Approximately 27 Amazing Facts about Trade that will Make you Sound Sane

As we go twirling into the future, angst grows regarding globalization and free trade. Many think that free trade moves perfectly good jobs from developed economies to developing economies. Others focus on the negative impact on nascent economies, sovereignty and the environment among other things (it usually depends on your political ideology). The answer for free trade opponents is to make importing goods more expensive and thereby protect local production.

In the past, in far more entertaining posts, Kalpi has written about the need to open up industry to competition in order to increase market efficiency. Generally, economists like trade. It allows for specialization, which creates more efficient production. Jobs lost from one arena will be replaced in another with the surplus capital created by trade and costs will be reduced for everyone. To answer fears of job loss stemming from free trade, economists may point out that those jobs may be lost anyways due to modernization.

For instance, jobs in Israeli industries that fail to meet OECD  production levels such as metal work, manufacturing and anything having to do with customer service are at risk of computerization no matter whether our borders become open to free trade or not. The Taub Center explains that 39% of Israeli jobs are at high risk of computerization while 20% are at medium risk (ironically, economists are at medium risk). Safe occupations include doctors, artists and social workers, jobs that cannot be shipped overseas or done by a computer…yet. Similarly, manufacturing jobs are plummeting everywhere independent of trade. It simply doesn’t take as many people to do many tasks as it did in the 50s regardless of our trade policy.

With all this information it seems like we should just open the borders! However, a recent paper challenges traditional economic conceptions by saying that trade can negatively influence economies for far longer than trade advocates would like to admit. Some of the problems noted in the study are US specific. For instance, employment and wages are slower to return to previous levels after trade shocks in part because workers are not as quick to relocate to job centers as theory predicts. Nor are job creators as quick to adapt to the new situation. We can’t all pull a “Swift” by which one moves from the heartland to New York in search of more money despite a paucity of talent. In the much smaller Israel, this is less of a problem. However, other problems with trade such as low levels of wage growth for those who are less educated apply to both countries. In addition, it is likely that in Israel, as in the US, that vocational training and unemployment benefits for the newly unemployed do not do enough to encourage the relocation of workers. This means while some people will win from new trade deals, that victory will not be spread across the economy.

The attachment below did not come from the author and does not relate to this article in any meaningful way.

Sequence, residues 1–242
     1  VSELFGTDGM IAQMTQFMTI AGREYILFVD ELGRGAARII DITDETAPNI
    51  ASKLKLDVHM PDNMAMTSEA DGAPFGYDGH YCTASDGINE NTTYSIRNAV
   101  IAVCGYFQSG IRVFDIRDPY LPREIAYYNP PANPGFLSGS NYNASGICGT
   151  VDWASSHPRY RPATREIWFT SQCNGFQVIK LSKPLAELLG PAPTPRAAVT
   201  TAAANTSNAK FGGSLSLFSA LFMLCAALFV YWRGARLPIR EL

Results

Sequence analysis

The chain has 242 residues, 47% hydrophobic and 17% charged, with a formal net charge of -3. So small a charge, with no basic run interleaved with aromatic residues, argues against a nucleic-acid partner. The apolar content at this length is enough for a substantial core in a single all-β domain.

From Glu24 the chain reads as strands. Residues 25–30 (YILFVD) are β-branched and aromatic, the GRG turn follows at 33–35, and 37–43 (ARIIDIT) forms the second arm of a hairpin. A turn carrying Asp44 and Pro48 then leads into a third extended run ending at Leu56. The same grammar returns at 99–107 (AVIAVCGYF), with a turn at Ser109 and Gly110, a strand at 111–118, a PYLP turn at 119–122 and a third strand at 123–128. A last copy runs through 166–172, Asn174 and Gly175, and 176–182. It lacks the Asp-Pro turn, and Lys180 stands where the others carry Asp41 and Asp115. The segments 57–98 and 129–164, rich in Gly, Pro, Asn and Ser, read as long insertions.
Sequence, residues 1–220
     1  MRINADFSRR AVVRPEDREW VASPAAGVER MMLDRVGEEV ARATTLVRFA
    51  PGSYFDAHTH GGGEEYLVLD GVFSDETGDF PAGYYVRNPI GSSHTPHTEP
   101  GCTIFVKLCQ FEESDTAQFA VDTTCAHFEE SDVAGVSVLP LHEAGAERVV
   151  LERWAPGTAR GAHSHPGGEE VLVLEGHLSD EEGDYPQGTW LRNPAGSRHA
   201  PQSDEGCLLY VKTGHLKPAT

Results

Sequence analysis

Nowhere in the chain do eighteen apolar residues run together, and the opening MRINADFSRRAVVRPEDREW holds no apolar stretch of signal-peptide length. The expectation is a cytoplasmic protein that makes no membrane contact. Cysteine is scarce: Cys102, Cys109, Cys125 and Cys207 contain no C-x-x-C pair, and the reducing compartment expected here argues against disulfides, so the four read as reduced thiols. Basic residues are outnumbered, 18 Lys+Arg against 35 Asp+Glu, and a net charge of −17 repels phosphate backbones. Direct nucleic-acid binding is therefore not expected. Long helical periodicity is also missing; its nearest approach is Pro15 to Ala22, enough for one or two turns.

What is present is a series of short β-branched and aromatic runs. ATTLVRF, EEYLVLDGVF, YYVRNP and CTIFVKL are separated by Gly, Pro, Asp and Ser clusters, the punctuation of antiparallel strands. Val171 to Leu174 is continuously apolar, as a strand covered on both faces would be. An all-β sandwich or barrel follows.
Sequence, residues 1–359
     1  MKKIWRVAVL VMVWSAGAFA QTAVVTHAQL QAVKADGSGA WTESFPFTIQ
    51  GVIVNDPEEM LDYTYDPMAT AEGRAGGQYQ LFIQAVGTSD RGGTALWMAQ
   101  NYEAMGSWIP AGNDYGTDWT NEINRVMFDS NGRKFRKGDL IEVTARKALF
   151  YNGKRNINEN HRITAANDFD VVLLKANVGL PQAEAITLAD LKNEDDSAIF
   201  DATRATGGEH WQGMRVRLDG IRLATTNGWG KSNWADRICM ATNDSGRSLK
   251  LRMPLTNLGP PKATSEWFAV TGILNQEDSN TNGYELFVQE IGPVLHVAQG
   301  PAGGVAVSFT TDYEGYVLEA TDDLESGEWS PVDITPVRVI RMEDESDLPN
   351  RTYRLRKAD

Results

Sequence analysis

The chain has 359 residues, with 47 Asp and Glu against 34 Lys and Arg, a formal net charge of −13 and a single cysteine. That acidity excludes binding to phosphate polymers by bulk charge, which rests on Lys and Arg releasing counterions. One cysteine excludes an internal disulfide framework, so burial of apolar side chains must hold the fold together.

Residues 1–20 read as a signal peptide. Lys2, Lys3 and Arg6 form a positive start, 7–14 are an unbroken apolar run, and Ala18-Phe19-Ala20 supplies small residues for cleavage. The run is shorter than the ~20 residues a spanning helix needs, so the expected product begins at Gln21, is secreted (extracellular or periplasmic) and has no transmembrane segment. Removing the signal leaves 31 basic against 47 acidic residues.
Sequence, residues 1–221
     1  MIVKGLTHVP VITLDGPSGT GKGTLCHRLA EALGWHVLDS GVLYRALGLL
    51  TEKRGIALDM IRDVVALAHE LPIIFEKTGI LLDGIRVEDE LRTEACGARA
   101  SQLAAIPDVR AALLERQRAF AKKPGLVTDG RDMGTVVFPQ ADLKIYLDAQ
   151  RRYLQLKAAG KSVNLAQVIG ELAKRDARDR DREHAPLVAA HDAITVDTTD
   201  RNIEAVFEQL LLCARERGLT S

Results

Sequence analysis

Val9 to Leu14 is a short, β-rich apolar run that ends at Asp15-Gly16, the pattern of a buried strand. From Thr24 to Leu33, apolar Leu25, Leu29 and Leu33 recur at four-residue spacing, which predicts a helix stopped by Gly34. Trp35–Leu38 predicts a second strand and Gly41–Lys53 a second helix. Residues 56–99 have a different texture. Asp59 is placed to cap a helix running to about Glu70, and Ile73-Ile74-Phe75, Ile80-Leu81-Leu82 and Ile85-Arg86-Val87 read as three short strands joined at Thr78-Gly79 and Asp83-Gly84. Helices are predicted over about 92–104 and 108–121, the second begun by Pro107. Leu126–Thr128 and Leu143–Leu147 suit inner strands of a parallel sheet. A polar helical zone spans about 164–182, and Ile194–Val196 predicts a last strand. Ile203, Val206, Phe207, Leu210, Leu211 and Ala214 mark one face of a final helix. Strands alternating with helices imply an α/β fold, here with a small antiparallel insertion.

What does this mean for us? The best way to balance the benefits and dangers of trade is a better education system that prepares all sectors for the future job market. Adult vocational training can be improved as much of it tends to move workers from one at risk job to another. What I would really like to see though, is politicians, union heads and business leaders talk about trade honestly. And not reactively. Trade is currently either an all-encompassing solution or the demon spawn that kills children and lays cities to waste. Stop it.

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